Stress and Heart Disease

For years it has been “common knowledge” that people who are under a lot of stress have an increased risk of heart disease. But is this common knowledge correct? And if so, what kinds of stress increase your risk of heart disease, how does it increase your risk, and what can you do about it?

At least three things have made it difficult to sort out the effects of stress on the heart:

  1. People mean different things by “stress.”
  2. Some types of stress appear to be worse for the heart than others.
  3. How you respond to stress may be more important than the stress itself.

In recent years we have learned a lot about stress and heart disease. This brief review will help you learn what you need to know about it.

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Physical Stress and the Heart

Physical stress—exercise or other forms of physical exertion—places measurable and reproducible demands on the heart. This physical stress is generally acknowledged to be good. In fact, the lack of physical stress (i.e., a sedentary lifestyle) constitutes a major risk factor for coronary artery disease. So this kind of “stress” is usually considered to be beneficial to the heart.

If you have significant underlying heart disease, however, too much physical stress can be potentially dangerous. In a person who has coronary artery disease, exercise that is too intense can place demands on the heart muscle that the diseased coronary arteries cannot meet, and the heart becomes ischemic (i.e., starved for oxygen.) The ischemic heart muscle can cause either angina (chest pain), or a heart attack (actual death of cardiac muscle).

So physical stress—that is, exercise—is generally very good for you, and is generally to be encouraged (with appropriate precautions, if you have heart disease). And unless the exercise is extraordinarily excessive, physical stress does not actually cause heart disease.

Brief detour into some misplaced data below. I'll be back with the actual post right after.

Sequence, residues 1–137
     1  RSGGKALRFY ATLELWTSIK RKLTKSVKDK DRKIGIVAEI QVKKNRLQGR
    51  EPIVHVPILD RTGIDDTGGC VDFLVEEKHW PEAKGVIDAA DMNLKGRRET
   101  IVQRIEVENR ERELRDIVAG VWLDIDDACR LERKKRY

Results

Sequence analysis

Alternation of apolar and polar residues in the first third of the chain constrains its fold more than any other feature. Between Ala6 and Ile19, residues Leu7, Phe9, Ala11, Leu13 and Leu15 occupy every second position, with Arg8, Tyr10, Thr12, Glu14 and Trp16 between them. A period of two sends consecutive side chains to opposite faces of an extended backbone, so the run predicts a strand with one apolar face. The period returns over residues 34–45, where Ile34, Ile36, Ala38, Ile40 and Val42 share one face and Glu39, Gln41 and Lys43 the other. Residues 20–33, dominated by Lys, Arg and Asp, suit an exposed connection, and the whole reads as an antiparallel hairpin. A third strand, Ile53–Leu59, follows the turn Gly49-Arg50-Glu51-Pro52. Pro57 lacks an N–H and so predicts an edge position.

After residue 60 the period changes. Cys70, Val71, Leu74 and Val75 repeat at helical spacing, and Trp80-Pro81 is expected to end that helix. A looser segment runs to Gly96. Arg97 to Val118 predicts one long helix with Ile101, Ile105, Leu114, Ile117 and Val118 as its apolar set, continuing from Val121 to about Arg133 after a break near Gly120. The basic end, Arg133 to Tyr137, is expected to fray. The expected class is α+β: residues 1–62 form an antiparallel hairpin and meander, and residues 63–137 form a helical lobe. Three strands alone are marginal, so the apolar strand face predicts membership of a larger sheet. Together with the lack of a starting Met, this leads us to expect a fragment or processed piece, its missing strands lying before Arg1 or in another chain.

Emotional Stress and the Heart

Emotional stress is generally the kind of stress people are talking about when they say that stress causes heart disease. “It’s no wonder she died,” you’ll hear people say, “with all the trouble he put her through.” But is it true? Did Ed really kill Elsie with all his gambling and drinking and staying out all hours of the night?

Everyone—even doctors—have the notion that emotional stress, if it is severe enough or chronic enough, is bad for you. Most even believe that this kind of stress can cause heart disease. But scientific evidence that it actually does so has been hard to come by.

Recently, however, enough evidence has accumulated to be able to say that certain kinds of emotional stress, in certain people and under certain circumstances, appears to contribute to heart disease. Under the right (or rather, wrong) circumstances, emotional stress may contribute to the development of chronic heart disease, or can help precipitate acute cardiac problems in people who already have heart disease.

It is important to realize, however, that not all emotional stress is the same, and not all of it is bad for us. Often, it is our response to the stress, rather than the stress itself, that causes problems.

The mechanisms by which emotional stress can contribute to heart disease are only now being elucidated.

Because it is impossible to avoid all emotional stress—not to mention undesirable—it is important for us to learn how to handle this stress to lessen its impact on our cardiovascular systems.

Verywell Health uses only high-quality sources, including peer-reviewed studies, to support the facts within our articles. Read our editorial process to learn more about how we fact-check and keep our content accurate, reliable, and trustworthy.
  • Denollet, J, Brutsaert, DL. Reducing emotional distress improves prognosis in coronary heart disease: 9-year mortality in a clinical trial of rehabilitation. Circulation 2001; 104:2018.
  • Rozanski, A, Bairey, CN, Krantz, DS, et al. Mental stress and the induction of silent myocardial ischemia in patients with coronary artery disease. N Engl J Med 1988; 318:1005.
  • Shen BJ, Avivi YE, Todaro JF, et al. Anxiety characteristics independently and prospectively predict myocardial infarction in men the unique contribution of anxiety among psychologic factors. J Am Coll Cardiol 2008; 51:113.

By Richard N. Fogoros, MD
Richard N. Fogoros, MD, is a retired professor of medicine and board-certified in internal medicine, clinical cardiology, and clinical electrophysiology.